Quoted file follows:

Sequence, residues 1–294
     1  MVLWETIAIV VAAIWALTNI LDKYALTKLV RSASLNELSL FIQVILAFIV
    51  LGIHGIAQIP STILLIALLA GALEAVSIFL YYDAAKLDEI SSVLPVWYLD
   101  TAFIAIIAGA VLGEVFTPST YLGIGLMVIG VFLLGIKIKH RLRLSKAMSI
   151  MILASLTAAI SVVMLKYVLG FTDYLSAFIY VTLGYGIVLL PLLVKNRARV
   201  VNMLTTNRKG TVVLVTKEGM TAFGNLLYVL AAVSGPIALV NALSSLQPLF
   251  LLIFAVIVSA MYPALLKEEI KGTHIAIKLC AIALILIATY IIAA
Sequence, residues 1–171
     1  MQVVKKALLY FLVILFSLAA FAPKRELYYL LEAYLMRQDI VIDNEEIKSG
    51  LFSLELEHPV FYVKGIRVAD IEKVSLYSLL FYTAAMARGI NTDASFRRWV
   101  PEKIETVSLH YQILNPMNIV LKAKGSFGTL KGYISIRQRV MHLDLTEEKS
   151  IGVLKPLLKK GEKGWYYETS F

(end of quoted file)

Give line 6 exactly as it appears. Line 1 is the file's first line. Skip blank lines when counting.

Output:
   201  VNMLTTNRKG TVVLVTKEGM TAFGNLLYVL AAVSGPIALV NALSSLQPLF